Netiquette (short for ‘Network etiquette’) governs what conduct is socially acceptable in an online or digital situation. Just as we expect other drivers to follow the rules of the road, we believe that there are general rules of courteous behavior that apply as we travel through cyberspace. Like most Internet phenomena, the concept and its application is in a state of flux, and varies from one community to the next. To make Usenet a better place for all, we ask that you follow these ten Usenetiquette tips.
Thank you John C. Maxwell for inspiring this title.
1. Avoid typing in all caps
It is considered to be the equivalent of shouting or yelling. And who wants to be yelled at?
2. Take the time to “lurk” before posting
As a newbie, it is perfectly acceptable (and often encouraged) to take the time to act as an observer. If you have a question, check the FAQ and archives for your answer. Maybe it’s just recently been discussed, and the other members may not appreciate rehashing the material.
3. Stick to the conversation, don’t take it off-topic
We live in an era of instant gratification – where a quick search on Google can usually provide the answer we seek. Techniques used to maximize the time and effort required to read a post or a thread are despised by most network communities. Cross-posting, multiposting, hijacking a discussion thread – it’s all spam and it’s all hated.
4. Don’t be a jerk
There are already enough meanies out there in the world, don’t become one. Remember that there is an actual person behind the screen – don’t type anything that you wouldn’t say to a person’s face.
5. Spelling & Grammar
Yes, this is the same virtual space that has brought you “LOL” and “leetspeak,” so take it with a grain of salt – informal communications always deserve some leeway regarding punctuation. But being able to communicate well has never gone out of style.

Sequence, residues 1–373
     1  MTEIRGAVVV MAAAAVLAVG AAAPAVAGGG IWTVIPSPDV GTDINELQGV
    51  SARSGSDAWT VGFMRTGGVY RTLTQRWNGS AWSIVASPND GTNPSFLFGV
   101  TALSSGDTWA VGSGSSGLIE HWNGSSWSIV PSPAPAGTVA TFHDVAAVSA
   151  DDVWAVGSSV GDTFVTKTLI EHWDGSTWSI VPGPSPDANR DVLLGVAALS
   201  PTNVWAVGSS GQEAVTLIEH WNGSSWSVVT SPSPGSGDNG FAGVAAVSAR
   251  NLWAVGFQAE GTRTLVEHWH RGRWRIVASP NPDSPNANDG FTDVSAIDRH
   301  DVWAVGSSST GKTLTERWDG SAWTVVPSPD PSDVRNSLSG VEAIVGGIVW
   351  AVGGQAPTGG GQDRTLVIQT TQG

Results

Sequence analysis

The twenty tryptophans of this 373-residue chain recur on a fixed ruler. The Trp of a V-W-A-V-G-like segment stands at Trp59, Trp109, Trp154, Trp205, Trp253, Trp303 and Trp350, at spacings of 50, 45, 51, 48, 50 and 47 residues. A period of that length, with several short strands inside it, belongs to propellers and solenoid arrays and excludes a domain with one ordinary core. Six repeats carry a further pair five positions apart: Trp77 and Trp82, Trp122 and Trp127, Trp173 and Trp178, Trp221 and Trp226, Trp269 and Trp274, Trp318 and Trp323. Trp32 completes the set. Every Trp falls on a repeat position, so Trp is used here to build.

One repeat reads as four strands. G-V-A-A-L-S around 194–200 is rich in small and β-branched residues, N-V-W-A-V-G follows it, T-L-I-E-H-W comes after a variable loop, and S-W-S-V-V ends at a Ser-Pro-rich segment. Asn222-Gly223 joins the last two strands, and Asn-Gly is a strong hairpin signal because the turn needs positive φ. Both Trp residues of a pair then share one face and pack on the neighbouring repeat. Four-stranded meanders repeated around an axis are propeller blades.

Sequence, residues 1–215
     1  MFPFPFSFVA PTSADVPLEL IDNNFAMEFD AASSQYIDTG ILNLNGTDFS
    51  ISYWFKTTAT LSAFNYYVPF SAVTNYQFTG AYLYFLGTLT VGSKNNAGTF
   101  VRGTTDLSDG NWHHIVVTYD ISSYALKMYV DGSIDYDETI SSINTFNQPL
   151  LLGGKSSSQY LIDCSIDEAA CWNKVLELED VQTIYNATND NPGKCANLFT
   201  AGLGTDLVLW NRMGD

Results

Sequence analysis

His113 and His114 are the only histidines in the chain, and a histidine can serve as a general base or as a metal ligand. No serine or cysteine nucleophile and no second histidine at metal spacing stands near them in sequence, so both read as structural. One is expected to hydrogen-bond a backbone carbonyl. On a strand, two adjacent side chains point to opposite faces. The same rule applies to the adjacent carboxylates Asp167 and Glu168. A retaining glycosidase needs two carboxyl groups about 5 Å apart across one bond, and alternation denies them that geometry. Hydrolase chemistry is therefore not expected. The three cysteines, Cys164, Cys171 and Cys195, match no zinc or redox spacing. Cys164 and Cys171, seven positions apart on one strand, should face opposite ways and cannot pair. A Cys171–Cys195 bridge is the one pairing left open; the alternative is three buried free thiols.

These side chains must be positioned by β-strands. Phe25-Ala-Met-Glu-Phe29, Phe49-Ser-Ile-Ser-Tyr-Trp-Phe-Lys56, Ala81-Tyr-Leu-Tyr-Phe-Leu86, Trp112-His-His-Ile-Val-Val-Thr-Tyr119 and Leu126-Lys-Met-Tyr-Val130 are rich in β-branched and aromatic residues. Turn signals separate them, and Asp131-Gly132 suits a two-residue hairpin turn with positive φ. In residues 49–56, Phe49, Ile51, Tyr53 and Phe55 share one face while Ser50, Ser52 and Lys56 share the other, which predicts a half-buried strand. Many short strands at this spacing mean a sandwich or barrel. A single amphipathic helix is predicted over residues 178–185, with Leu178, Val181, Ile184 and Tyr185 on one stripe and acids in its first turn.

6. Finding the appropriate use of emoticons…
No one knows from your tone of voice whether you are serious or joking. That’s what those smileys/Emojis are for. Use them!
7. …without overusing them. 🙂
Parents, basic white girls and overzealous men are most guilty here. Remember that you’re communicating emotions, not emoticons.
8. Remember K.I.S.S.? Less is more
This isn’t an essay you’re writing (and if it is, no one likes long essays either). Keep your written communications focused. Being conversational and casual is fine, but try to be concise.
9. Leave the flame wars to the trolls.
A flame war is a heated argument between two people, that results in those involved posting personal attacks on each other during or instead of debating the topic at hand (see law #3). While the arguments always provide an entertaining read, most communities forbid flaming.
10. Whatever you post online is there forever.
Consider all of your electronic communications to be public and act accordingly. The same holds true for comments you post. They usually can’t be retracted and they will live on and on.